1. INTRODUCTION..................................................................................................... 3 2. THE ALGORITHMS ................................................................................................ 3 2.1 BITONIC SORT ........................................................................................................................ 3 2.2 MULTISTEP BITONIC SORT ................................................................................................. 3 2.3 IBR BITONIC SORT................................................................................................................. 3 2.4 MERGE SORT .......................................................................................................................... 3 2.5 QUICKSORT ............................................................................................................................. 4 2.6 RADIX SORT ............................................................................................................................ 4 2.7 SAMPLE SORT......................................................................................................................... 4

3. TESTING ENVIRONMENT .................................................................................... 4 4. RESULTS ................................................................................................................. 5 Parallel, 32 bit, keys only ................................................................................................................. 7 Parallel, 32 bit, (key, value) pairs .................................................................................................... 8 Parallel, 64 bit, keys only ................................................................................................................. 9 Parallel, 64 bit, (key, value) pairs .................................................................................................. 10 Sequential, 32 bit, keys only .......................................................................................................... 11 Sequential, 32 bit, (key, value) pairs .............................................................................................. 12 Sequential, 64 bit, keys only .......................................................................................................... 13 Sequential, 64 bit, (key, value) pairs .............................................................................................. 14 Speedup .......................................................................................................................................... 15

5. REFERENCES ........................................................................................................ 16

1. INTRODUCTION In our study we implemented and compared seven sequential and parallel sorting algorithms: bitonic sort, multistep bitonic sort, adaptive bitonic sort, merge sort, quicksort, radix sort and sample sort. Sequential algorithms were implemented on a central processing unit using C++, whereas parallel algorithms were implemented on a graphics processing unit using CUDA platform. We chose these algorithms because to the best of our knowledge their parallel implementations were not yet compared all together in the same execution environment. We improved the above mentioned implementations and adopted them to be able to sort input sequences of arbitrary length. We compared algorithms on six different input distributions, which consisted of 32-bit numbers, 32-bit key-value pairs, 64-bit numbers and 64-bit key-value pairs. In this paper we give a short description of seven sorting algorithms and all the results obtained by our tests.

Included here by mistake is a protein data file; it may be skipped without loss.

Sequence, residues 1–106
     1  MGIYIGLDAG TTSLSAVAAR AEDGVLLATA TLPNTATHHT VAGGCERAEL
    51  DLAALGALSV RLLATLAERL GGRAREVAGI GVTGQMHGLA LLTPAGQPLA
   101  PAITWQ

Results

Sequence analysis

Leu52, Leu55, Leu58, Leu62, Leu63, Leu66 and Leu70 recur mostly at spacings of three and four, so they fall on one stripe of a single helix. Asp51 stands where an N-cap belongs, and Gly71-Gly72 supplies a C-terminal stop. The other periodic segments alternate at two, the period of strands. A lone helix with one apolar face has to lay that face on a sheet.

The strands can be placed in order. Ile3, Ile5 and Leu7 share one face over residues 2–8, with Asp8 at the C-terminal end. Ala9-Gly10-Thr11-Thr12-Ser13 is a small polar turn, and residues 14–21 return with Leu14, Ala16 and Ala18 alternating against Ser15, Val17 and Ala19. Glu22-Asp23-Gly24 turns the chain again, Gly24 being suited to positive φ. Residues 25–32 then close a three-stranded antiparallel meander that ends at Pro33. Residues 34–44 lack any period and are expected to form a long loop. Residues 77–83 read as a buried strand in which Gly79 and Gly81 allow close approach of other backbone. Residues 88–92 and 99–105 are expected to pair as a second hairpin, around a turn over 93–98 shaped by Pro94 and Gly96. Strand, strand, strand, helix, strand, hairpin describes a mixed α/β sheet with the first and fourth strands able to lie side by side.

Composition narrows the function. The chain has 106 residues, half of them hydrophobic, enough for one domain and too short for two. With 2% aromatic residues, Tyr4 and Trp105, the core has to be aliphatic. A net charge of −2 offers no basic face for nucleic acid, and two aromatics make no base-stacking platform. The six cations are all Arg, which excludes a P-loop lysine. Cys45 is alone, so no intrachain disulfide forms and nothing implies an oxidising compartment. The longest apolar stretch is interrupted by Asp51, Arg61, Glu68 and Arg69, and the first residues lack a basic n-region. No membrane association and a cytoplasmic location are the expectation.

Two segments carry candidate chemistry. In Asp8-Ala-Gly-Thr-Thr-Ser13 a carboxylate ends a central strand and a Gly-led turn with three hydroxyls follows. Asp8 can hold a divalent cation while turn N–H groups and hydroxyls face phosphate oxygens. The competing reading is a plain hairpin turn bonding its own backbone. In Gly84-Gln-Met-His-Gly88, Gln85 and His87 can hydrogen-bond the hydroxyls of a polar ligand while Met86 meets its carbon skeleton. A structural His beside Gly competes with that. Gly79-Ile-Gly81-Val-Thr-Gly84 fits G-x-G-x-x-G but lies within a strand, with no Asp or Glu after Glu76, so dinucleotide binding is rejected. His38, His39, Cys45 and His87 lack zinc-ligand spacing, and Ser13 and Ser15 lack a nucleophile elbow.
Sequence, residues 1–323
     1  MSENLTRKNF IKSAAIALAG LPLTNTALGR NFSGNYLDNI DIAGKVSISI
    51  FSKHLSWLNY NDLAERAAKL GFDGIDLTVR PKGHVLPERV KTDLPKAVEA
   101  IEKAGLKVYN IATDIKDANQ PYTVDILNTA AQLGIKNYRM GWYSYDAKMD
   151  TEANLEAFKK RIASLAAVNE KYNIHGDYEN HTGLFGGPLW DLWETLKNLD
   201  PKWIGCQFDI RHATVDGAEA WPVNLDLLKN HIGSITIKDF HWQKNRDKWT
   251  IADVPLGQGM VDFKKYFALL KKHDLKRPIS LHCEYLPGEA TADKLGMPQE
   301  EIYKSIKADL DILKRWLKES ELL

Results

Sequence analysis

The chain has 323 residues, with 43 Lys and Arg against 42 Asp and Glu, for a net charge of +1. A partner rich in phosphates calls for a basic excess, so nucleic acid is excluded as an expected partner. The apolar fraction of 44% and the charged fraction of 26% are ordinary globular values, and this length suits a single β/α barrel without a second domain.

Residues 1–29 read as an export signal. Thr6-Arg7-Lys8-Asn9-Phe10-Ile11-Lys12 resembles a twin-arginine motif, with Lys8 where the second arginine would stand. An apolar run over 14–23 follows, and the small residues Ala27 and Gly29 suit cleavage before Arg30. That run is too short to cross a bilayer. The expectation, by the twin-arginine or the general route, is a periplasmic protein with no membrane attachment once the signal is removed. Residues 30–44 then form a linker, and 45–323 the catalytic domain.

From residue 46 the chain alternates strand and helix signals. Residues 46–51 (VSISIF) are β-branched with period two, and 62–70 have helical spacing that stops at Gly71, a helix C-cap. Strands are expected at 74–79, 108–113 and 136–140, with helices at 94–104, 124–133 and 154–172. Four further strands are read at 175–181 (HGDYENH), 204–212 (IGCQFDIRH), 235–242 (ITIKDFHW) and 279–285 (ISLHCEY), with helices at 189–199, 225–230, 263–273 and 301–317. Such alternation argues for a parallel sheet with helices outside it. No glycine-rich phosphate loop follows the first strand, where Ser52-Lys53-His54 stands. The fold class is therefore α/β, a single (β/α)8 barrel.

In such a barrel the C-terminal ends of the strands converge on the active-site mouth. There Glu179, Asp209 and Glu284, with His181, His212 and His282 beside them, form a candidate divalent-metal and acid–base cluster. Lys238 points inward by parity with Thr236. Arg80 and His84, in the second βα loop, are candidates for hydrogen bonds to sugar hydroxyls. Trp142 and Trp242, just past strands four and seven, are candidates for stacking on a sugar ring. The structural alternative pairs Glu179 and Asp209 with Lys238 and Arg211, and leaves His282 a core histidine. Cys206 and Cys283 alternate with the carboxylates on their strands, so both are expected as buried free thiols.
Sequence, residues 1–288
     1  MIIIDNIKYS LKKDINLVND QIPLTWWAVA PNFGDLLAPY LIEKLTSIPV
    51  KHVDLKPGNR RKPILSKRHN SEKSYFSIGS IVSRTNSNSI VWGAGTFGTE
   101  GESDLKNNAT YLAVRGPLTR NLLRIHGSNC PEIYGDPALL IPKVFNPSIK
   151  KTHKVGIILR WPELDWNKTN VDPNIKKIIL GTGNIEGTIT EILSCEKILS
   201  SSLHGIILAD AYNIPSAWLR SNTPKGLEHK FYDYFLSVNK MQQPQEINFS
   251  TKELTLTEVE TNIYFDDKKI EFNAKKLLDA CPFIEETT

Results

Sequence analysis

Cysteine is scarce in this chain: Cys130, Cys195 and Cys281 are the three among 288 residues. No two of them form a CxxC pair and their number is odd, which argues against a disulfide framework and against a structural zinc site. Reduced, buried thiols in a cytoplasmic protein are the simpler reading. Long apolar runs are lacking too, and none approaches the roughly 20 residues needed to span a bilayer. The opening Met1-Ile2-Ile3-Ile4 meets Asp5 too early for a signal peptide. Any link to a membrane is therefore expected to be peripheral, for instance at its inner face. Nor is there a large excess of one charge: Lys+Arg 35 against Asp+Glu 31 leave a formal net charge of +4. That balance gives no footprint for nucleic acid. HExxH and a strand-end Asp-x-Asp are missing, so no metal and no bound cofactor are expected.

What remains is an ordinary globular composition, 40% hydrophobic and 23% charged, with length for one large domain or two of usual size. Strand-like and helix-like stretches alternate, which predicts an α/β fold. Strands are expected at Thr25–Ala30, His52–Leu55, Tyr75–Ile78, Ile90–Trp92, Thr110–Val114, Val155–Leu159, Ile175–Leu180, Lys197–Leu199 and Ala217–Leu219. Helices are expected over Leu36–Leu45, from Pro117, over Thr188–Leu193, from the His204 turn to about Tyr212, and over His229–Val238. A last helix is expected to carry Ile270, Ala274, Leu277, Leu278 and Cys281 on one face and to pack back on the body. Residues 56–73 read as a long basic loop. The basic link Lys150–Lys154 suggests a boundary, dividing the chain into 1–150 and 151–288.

2. THE ALGORITHMS In this chapter a short description of each algorithm used in our tests is presented. For detailed information about algorithms see the cited references.

2.1 BITONIC SORT Bitonic sort was designed by Ken E. Batcher [3] and is one of the most studied algorithms on GPU because of its simplicity. It falls into the group of sorting networks, which means, that the sequence and direction of comparisons is determined in advance and is independent of input sequence. Bitonic sort is based on a bitonic sequence.

2.2 MULTISTEP BITONIC SORT Parallel implementation of bitonic sort is very efficient when sorting short sequences, but it becomes slower when sorting very long sequences, because more invocations of global bitonic merge kernel are required, which increases the number of accesses to global memory. In order to increase the speed of sort, multiple steps of bitonic merge have to be executed with single global merge kernel invocation. This can be achieved with multistep bitonic sort [4].

2.3 IBR BITONIC SORT Interval Based Rearrangement (IBR) bitonic sort [5] is based on adaptive bitonic sort implemented by Bilardi et. al. [20]. Adaptive bitonic sort operates on the idea, that every bitonic sequence can be merged, if first half of bitonic sequence and second half of bitonic sequence are ring-shifted by value called q. Value q can be found with variation of binary search. In order to exchange elements in bitonic merge step in time O(log n), a variation of binary tree (bitonic tree [5, 20]) is used called.

2.4 MERGE SORT Merge sort is based on the divide-and-conquer approach. It follows this approach by splitting the sequence into multiple subsequences, sorting them and then merging them into sorted sequence. If

the algorithm for merging sorted sequences is stable, than the whole merge sort algorithm is also stable [22]. In our tests we used a variation of parallel merge sort presented by Satish in [2].

2.5 QUICKSORT Similarly as merge sort, quicksort is also based on the divide-and-conquer basis. In divide step, the pivot has to be determined. This pivot is used to partition the input sequence A[p...r] into 2 subsequences. When the partitioning is done, pivot has to be placed in A[q], where all the elements in subsequence A[p...q − 1] have to be lower or equal to A[q] and all the elements of A[q + 1...r] have to be greater than A[q]. In step conquer, subsequences A[p...q-1] and A[q + 1...r] have to be recursively sorted as described above, until subsequences of length 1 are obtained. This recursive procedure sorts the entire sequence T [p...r] [22, 23]. In out tests we used the parallel quicksort designed by Cederman et. al. [1]. This algorithm first determines an initial pivot, which is calculated as an average of a minimum and a maximum element of an input sequence, as suggested by Singleton et. al. [24]. Minimum and maximum values were calculated using parallel reduction kernel by Harris [7], which improved the performance of sort [1].